“Are you afraid?”
“What?” The water splashed. Anduin’s bones suddenly ached.
“Are you afraid?” Garrosh repeated. The question was casually posed, as if the orc were simply making conversation. Anduin knew it for a verbal grenade. To either answer truthfully or to lie would blow open a door to things Anduin had no desire to discuss.
“There’s no reason to be. You are restrained by chains and enchanted prison bars. You’re quite unable to attack me.”
“Concern for one’s physical safety is only one reason to fear. There are others. I ask again: Are you afraid?”
“Look,” said Anduin, deliberately placing the glass on the table, “I came here because you asked me to. Because Baine said that I was the only person you agreed to talk to about … well, about whatever it is you want to talk about.”
“Maybe your fear is what I want to talk about.”
“If that’s so, then we are both wasting our time.” He rose and went for the door.
Anduin paused, his back to Garrosh. He was angry with himself. His palms were damp and it took every effort he could summon to refrain from shaking outright. He would not let Garrosh see fear in him.
“Why should I?”
“Because … you are the only person I wish to talk to.”
The prince closed his eyes. He could leave, right this minute. Garrosh was almost certainly going to play games with him. Perhaps trick him into saying something he shouldn’t. But what, possibly, could that be? What could Garrosh want to know? And Anduin realized that afraid on some level though he might be, he didn’t really want to go. Not yet.
He took a deep breath and turned around. “Then start talking.” Garrosh pointed at the chair. Anduin shifted his weight from one foot to the other, then took the seat with deliberate, casual movements. He lifted his eyebrows, indicating he was waiting.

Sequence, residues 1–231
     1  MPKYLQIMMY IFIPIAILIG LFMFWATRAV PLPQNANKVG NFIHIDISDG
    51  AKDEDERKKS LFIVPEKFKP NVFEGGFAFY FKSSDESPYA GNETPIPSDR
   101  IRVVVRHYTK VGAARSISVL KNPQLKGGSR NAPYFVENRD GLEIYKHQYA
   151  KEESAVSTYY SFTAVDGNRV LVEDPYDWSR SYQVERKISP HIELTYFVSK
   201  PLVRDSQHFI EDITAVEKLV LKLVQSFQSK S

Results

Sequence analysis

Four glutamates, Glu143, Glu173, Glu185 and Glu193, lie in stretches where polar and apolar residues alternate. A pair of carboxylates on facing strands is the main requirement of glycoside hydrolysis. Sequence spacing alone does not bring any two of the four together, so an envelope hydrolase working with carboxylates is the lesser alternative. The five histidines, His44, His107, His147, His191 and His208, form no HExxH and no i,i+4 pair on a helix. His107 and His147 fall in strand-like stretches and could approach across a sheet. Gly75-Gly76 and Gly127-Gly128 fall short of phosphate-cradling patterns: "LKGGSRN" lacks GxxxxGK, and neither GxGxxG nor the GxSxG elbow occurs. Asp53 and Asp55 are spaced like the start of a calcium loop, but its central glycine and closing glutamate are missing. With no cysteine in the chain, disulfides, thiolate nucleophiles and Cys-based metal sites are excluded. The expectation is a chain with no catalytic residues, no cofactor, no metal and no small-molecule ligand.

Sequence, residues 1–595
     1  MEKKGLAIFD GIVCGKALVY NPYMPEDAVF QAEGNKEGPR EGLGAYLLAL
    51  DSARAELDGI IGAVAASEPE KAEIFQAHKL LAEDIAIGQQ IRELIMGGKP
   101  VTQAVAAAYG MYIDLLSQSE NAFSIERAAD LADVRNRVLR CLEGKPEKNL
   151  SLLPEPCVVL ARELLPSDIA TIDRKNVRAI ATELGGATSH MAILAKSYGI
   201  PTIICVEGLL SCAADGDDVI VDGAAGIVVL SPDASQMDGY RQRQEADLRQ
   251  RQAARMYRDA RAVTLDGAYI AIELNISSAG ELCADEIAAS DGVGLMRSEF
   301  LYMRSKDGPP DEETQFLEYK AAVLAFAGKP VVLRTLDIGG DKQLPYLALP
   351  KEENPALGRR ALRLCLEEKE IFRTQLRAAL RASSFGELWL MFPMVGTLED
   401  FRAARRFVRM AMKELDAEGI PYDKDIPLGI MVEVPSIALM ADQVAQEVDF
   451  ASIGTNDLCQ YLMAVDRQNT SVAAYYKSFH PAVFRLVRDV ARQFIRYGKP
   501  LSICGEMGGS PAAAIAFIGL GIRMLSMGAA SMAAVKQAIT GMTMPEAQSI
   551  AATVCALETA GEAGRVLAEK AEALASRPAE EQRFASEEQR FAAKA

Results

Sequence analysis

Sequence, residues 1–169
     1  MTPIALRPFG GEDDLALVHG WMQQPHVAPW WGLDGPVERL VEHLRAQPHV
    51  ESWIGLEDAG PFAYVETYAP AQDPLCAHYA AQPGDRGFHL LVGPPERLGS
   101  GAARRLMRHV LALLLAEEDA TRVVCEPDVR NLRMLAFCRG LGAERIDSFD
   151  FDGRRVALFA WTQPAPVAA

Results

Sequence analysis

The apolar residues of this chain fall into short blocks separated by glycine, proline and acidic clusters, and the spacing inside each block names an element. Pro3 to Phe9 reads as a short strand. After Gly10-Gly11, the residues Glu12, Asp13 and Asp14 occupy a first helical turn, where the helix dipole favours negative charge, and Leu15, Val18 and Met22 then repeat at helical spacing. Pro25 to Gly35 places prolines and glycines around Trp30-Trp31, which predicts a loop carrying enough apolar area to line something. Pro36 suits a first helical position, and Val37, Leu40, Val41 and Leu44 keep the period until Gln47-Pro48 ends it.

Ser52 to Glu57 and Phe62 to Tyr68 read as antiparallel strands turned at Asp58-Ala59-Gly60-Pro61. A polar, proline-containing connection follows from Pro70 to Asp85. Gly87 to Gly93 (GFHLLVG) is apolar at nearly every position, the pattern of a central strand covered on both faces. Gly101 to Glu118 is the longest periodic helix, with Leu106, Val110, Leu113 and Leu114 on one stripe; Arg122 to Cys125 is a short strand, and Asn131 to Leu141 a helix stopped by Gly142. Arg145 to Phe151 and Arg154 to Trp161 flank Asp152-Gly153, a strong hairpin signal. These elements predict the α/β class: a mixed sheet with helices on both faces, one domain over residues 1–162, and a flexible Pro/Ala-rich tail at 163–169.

“You said you believed I could change,” Garrosh said. “What in this world or any other could make you think that, after what I have done?”
Again, no real emotion, only curiosity. Anduin started to answer, but hesitated. What would Jaina … no. Jaina was no longer the sort of diplomat he wished to emulate. He felt a flicker of amusement when he realized that for all his threats of murdering Garrosh, Varian had now become more of a role model for Anduin than Jaina. The realization was both sad, for he loved Jaina, and sweet, for he loved his father.
“Tell you what. We’ll take turns.”
An odd smile curved Garrosh’s mouth. “We have a bargain. You’re a better negotiator than I expected.”
Anduin let out a short bark of laughter. “Thanks, I think.”
The orc’s smile widened. “You go first.”
The first point goes to Garrosh, Anduin mused. “Very well. I believe you can change because nothing ever stays the same. You were overthrown as warchief of the Horde because the people you led changed from following your orders to questioning them, and finally rejecting them. You’ve changed from warchief to prisoner. You can change again.”
Garrosh laughed without humor. “From living to dead, you mean.”
“That’s one way of doing it. But it’s not the only one. You can look at what you’ve done. Watch and listen and really try to understand the pain and damage you’ve caused, and decide that you won’t continue down that path if given another chance.”
Garrosh stiffened. “I cannot change into a human,” he growled.
“No one expects or wants that,” Anduin answered. “But orcs can change. You better than anyone should know that.”
Garrosh was silent. He looked away for a moment, pensive. Anduin resisted the impulse to cross his arms, instead forcing his body posture to seem relaxed, and waited. A bright-eyed, coarse furred rat poked its head out from under the sleeping furs. Its nose twitched, and then it ducked back out of sight. The warchief of theHorde once … and now his cellmate is a rat.
“Do you believe in destiny, Anduin Wrynn?”
For the second time Anduin was blindsided. What was going on inside Garrosh’s head?
“I-I’m not sure,” he stammered, his carefully maintained image of coolness dissolving immediately. “I mean—I know there are prophecies. But I think we all have choices too.”
“Did you choose the Light? Or did it choose you?”
“I—I don’t know.” Anduin realized he had never asked himself that question. He recalled the first time he considered becoming a priest, and had felt a tug in his soul. He craved the peace the Light offered, but he didn’t know if it had called him, or if he had set out in pursuit of it.
“Could you choose to deny the Light?”
“Why would I want to do that?”
“Any number of reasons. There was another golden-haired, beloved human prince once. He was a paladin, and yet he turned his back on the Light.”
Outrage and offense chased away Anduin’s discomfort. Blood suffused his face and he snapped, “I am notArthas!”
Garrosh smiled oddly. “No, you are not,” he agreed. “But maybe … I am.”